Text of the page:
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T2 - A Randomized Clinical Trial

AU - Mehta, Sonia

AU - Laird, Philip

AU - Debiec, Matthew

AU - Hwang, Cindy

AU - Zhang, Rui

AU - Yan, Jiong

AU - Hendrick, Andrew

AU - Hubbard, G. Baker

AU - Bergstrom, Chris S.

AU - Yeh, Steven

AU - Fernandes, Alcides

AU - Olsen, Timothy

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N2 - Purpose: To evaluate postoperative pain level using a supplemental peribulbar injection at the conclusion of retinal surgery. Design: Prospective, parallel-assigned, single-masked, randomized clinical trial. Participants: Fifty-eight patients undergoing scleral buckle, vitrectomy, or combined surgery. Methods: In a single academic institutional practice, 58 patients undergoing scleral buckle, vitrectomy, or combined surgery were enrolled. Exclusion criteria included those with a risk for glaucoma, a pre-existing chronic pain disorder, among others. Patients were assigned randomly to receive a postoperative peribulbar formulation of either bupivacaine, triamcinolone acetonide, and cefazolin (group A) or bupivacaine, balanced salt solution, and cefazolin (group B). The postoperative pain score and ocular motility were assessed by a masked observer on the first postoperative day. Main Outcome Measures: The primary outcome measure was the postoperative pain score. Secondary outcome measures included oral analgesic use, ocular motility, and intraocular pressure (IOP). Results: The mean pain scores were 2.8±2.9 for group A and 3.8±2.6 for group B (P = 0.095). Pain was absent in 28% of group A patients versus 14% of group B patients (P = 0.11). Group A required less narcotic pain medication (hydroxycodone: group A, 0.7±3 mg vs. group B, 3±6 mg; P = 0.05; oxycodone: group A, 7±7 mg vs. 9±13 mg; P = 0.2) than group B. Motility was full in group B and limited in group A (P ≤ 0.001), with no differences in mean IOP measurements at any point after surgery. Conclusions: We did not demonstrate a statistically significant reduction in mean postoperative pain scores. However, patients in group A required less hydroxycodone use and had greater akinesia, suggesting prolonged neural blockade.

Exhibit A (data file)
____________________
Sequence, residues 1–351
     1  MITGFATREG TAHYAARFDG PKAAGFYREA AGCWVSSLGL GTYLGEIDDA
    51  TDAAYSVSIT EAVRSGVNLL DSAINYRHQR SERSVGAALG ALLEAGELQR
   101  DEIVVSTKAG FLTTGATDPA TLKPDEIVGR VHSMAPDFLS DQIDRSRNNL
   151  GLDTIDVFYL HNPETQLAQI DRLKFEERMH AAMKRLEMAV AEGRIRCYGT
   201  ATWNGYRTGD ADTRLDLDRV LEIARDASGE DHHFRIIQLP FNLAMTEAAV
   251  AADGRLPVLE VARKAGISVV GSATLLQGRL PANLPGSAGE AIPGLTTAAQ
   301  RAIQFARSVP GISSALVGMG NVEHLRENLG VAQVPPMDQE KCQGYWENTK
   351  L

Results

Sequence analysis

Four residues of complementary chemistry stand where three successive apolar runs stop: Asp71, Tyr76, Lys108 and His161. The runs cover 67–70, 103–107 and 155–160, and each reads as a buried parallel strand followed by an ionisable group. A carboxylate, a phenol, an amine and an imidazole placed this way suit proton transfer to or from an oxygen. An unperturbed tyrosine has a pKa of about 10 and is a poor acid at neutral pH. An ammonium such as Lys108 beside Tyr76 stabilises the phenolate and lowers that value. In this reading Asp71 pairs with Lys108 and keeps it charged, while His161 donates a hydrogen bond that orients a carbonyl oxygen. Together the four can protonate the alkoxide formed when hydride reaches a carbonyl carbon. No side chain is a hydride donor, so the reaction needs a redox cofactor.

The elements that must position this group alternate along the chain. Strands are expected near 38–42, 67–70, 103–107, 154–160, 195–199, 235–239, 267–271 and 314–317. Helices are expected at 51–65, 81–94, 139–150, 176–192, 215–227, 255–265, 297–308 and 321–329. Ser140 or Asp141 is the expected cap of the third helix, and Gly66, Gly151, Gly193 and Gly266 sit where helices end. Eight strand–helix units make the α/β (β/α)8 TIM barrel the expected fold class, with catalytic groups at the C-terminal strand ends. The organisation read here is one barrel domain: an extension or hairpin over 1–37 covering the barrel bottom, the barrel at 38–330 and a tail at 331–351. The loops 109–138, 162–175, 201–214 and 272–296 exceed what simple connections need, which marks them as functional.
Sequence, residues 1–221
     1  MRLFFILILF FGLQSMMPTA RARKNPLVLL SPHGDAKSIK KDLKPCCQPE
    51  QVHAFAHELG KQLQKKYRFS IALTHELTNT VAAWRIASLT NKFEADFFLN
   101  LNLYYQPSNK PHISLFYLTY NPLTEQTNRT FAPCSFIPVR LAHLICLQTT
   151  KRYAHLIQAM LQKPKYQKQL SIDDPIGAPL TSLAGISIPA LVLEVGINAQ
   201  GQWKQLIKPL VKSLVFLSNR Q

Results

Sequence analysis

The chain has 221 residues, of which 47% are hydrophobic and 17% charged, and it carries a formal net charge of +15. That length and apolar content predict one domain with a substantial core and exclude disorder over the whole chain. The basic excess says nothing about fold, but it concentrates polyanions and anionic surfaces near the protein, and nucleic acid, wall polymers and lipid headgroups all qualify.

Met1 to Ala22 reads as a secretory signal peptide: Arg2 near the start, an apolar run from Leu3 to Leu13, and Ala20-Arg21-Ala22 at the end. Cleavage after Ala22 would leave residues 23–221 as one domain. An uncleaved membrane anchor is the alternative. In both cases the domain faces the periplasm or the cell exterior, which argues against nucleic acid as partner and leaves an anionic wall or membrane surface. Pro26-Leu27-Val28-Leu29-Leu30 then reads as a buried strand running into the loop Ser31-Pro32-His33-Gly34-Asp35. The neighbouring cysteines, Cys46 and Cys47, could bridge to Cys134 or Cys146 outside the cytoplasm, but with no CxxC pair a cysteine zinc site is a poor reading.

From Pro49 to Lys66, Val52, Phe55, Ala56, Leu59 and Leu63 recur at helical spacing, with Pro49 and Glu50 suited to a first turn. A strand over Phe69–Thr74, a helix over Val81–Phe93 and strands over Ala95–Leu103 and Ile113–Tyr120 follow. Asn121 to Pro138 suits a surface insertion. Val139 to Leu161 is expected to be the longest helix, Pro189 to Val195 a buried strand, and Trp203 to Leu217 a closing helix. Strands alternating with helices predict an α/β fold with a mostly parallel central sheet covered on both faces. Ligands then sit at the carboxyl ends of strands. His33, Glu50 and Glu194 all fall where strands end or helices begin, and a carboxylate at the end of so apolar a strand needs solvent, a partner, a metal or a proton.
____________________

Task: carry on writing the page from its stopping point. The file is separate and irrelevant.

AB - Purpose: To evaluate postoperative pain level using a supplemental peribulbar injection at the conclusion of retinal surgery. Design: Prospective, parallel-assigned, single-masked, randomized clinical trial. Participants: Fifty-eight patients undergoing scleral buckle, vitrectomy, or combined surgery. Methods: In a single academic institutional practice, 58 patients undergoing scleral buckle, vitrectomy, or combined surgery were enrolled. Exclusion criteria included those with a risk for glaucoma, a pre-existing chronic pain disorder, among others. Patients were assigned randomly to receive a postoperative peribulbar formulation of either bupivacaine, triamcinolone acetonide, and cefazolin (group A) or bupivacaine, balanced salt solution, and cefazolin (group B). The postoperative pain score and ocular motility were assessed by a masked observer on the first postoperative day. Main Outcome Measures: The primary outcome measure was the postoperative pain score. Secondary outcome measures included oral analgesic use, ocular motility, and intraocular pressure (IOP). Results: The mean pain scores were 2.8±2.9 for group A and 3.8±2.6 for group B (P = 0.095). Pain was absent in 28% of group A patients versus 14% of group B patients (P = 0.11). Group A required less narcotic pain medication (hydroxycodone: group A, 0.7±3 mg vs. group B, 3±6 mg; P = 0.05; oxycodone: group A, 7±7 mg vs. 9±13 mg; P = 0.2) than group B. Motility was full in group B and limited in group A (P ≤ 0.001), with no differences in mean IOP measurements at any point after surgery. Conclusions: We did not demonstrate a statistically significant reduction in mean postoperative pain scores. However, patients in group A required less hydroxycodone use and had greater akinesia, suggesting prolonged neural blockade.